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Surgical error during hysterectomy (13HDC01557)
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(13HDC01557, 21 June
Obstetrician and gynaecologist ~ Gynaecology ~
Menometrorrhagia ~ Hysterectomy ~ Surgical error ~ Colostomy ~
Record keeping ~ Open disclosure ~ Rights 4(1), 4(2)
A 46-year-old woman consented to undergoing a total vaginal
hysterectomy performed by an obstetrician and gynaecologist
(OB/GYN) at a public hospital. During the procedure, initial
attempts by the OB/GYN to open the Pouch of Douglas (the extension
of the peritoneal cavity between the rectum and the posterior wall
of the uterus) failed. The OB/GYN then mistakenly identified the
woman's bowel wall as the Pouch of Douglas and attempted to open
it, causing a perforation to the woman's bowel.
The OB/GYN then stopped the procedure and sought assistance from
another OB/GYN. The other OB/GYN found that the woman had extensive
adhesions of the "uterus, tubes [and] ovaries, to the side walls
and posterior wall of [the] pelvis". Due to the difficulties with
the vaginal hysterectomy, they converted to an abdominal
The OB/GYN contacted a general surgeon and requested his
assistance with repairing the perforation to the woman's bowel. The
general surgeon was unsure about being able to close the
perforation entirely, so decided to perform a loop colostomy. The
abdominal hysterectomy was then completed.
The OB/GYN and the woman have different recollections of what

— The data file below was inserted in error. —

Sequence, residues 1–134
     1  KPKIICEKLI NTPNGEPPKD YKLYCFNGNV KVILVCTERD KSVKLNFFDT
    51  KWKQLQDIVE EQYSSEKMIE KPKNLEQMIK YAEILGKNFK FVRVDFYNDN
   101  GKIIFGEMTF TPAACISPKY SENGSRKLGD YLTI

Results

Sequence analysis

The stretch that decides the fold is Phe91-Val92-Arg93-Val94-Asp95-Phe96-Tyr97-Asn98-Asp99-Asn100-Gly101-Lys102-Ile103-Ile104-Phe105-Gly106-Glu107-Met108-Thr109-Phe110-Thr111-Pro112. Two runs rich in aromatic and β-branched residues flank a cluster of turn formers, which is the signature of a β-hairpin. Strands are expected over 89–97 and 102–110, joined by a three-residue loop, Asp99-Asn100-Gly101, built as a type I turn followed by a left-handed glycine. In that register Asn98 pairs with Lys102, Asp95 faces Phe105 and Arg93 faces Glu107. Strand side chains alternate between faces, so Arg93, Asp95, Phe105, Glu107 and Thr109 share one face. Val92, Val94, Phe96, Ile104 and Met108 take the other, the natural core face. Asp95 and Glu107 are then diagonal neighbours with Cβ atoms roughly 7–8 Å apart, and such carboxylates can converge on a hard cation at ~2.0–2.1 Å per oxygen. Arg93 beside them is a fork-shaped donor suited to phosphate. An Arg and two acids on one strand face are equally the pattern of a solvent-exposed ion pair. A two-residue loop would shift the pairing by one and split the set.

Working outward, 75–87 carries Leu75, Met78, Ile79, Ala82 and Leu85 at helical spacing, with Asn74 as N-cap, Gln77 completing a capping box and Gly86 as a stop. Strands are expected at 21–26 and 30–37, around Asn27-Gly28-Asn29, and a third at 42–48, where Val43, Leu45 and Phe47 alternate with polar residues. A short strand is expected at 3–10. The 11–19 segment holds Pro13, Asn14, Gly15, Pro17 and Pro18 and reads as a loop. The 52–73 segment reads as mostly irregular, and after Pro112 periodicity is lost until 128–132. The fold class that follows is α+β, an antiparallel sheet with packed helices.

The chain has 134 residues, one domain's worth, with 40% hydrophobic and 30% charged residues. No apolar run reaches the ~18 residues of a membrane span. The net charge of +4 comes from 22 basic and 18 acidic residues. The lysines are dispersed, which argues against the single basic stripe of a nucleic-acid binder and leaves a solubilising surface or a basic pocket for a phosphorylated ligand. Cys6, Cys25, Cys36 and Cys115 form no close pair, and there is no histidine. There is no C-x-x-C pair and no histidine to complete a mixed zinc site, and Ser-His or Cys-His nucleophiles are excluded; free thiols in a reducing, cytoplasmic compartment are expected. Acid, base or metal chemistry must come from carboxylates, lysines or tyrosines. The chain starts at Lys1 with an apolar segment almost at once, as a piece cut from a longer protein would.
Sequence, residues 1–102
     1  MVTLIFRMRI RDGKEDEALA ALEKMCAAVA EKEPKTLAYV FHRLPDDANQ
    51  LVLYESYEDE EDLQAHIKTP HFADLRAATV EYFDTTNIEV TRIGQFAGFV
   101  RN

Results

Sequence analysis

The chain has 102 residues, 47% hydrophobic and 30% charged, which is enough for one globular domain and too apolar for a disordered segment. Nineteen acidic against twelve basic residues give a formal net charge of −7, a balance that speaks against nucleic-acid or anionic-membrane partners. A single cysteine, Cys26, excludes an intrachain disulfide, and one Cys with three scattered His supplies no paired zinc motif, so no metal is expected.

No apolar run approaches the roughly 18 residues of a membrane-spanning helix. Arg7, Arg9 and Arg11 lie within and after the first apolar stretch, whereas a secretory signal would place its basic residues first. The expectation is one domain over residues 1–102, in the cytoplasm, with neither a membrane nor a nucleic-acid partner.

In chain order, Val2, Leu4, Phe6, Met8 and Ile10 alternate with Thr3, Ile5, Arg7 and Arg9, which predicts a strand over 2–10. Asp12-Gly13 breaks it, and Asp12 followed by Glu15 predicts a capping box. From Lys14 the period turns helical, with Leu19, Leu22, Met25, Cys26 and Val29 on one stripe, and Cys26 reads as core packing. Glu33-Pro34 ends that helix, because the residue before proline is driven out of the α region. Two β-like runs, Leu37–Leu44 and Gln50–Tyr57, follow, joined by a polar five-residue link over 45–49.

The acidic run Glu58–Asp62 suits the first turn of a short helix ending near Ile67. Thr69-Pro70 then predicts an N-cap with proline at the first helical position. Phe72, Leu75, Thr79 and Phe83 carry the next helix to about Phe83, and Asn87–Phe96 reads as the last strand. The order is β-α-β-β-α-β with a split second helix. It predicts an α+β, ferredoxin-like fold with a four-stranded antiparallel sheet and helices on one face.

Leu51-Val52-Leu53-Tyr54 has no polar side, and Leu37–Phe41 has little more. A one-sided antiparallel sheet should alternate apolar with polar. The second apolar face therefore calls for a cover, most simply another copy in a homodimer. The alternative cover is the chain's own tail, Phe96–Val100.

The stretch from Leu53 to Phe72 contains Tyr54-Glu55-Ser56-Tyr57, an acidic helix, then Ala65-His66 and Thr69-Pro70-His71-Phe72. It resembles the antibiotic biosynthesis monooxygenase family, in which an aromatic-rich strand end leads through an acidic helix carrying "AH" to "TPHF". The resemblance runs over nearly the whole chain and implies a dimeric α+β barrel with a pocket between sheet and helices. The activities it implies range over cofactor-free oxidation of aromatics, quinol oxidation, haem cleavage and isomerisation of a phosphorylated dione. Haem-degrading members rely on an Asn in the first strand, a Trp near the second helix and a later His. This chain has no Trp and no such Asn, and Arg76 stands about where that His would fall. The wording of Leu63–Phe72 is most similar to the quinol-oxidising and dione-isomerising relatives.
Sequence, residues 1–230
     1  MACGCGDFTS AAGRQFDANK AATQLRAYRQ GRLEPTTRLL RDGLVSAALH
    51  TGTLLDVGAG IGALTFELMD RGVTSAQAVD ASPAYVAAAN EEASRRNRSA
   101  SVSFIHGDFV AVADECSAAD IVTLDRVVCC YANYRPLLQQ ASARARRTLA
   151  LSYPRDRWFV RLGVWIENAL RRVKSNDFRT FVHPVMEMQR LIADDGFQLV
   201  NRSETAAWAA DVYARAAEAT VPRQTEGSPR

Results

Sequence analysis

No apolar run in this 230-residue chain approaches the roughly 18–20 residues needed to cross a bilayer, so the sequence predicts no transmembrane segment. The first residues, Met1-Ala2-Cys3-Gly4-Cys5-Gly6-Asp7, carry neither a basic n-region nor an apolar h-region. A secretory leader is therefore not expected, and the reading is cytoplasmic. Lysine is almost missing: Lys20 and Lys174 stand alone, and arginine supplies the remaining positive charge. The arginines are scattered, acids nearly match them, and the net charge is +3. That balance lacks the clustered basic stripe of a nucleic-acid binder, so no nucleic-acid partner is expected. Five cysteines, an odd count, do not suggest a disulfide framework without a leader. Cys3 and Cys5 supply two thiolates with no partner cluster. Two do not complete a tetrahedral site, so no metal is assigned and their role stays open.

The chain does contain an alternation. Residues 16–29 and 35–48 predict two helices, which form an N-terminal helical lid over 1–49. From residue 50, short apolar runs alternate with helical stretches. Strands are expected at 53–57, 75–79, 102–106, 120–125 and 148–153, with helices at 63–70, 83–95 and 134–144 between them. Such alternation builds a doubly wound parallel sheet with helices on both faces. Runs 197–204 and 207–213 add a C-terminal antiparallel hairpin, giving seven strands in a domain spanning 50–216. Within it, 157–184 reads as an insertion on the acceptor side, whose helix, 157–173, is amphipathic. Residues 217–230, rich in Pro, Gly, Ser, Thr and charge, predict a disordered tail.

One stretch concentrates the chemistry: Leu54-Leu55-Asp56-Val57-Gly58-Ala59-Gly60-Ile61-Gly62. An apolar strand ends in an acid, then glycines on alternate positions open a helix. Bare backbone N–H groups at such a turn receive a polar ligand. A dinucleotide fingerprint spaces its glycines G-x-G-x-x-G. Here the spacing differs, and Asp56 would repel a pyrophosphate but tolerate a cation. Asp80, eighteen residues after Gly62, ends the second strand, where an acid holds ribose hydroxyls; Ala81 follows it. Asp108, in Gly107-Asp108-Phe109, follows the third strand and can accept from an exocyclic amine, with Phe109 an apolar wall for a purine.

was discussed after the surgery. There are no records of any
conversations during which the OB/GYN told the woman that she had
made an error during the surgery, which resulted in her having
perforated the woman's bowel.
The OB/GYN had been involved in prior adverse events at the
It was held that the OB/GYN's failure to seek advice or
assistance from a more senior colleague and convert to an abdominal
procedure earlier, plus her mistake in incising incorrectly
identified tissue amounted to a serious departure from expected
standards. Accordingly, the OB/GYN failed to provide services to
the woman with reasonable care and skill and breached Right 4(1).
Her poor standard of record-keeping amounted to a breach of
professional standards and, accordingly, she breached Right 4(2).
Criticism was also made of the OB/GYN's failure to openly disclose
the surgical error in a way that was adequately understood by the
Adverse comment was made about the DHB's systems for identifying
and reporting serious surgical events.
The Commissioner recommended that the OB/GYN apologise to the
woman for her breaches of the Code and that the Medical Council of
New Zealand undertake a review of the OB/GYN's competence should
she return to practise medicine in New Zealand.
The Commissioner also made recommendations to the DHB regarding
extra credentialing for advanced surgical procedure and reviewing
its process for identifying serious surgical morbidity.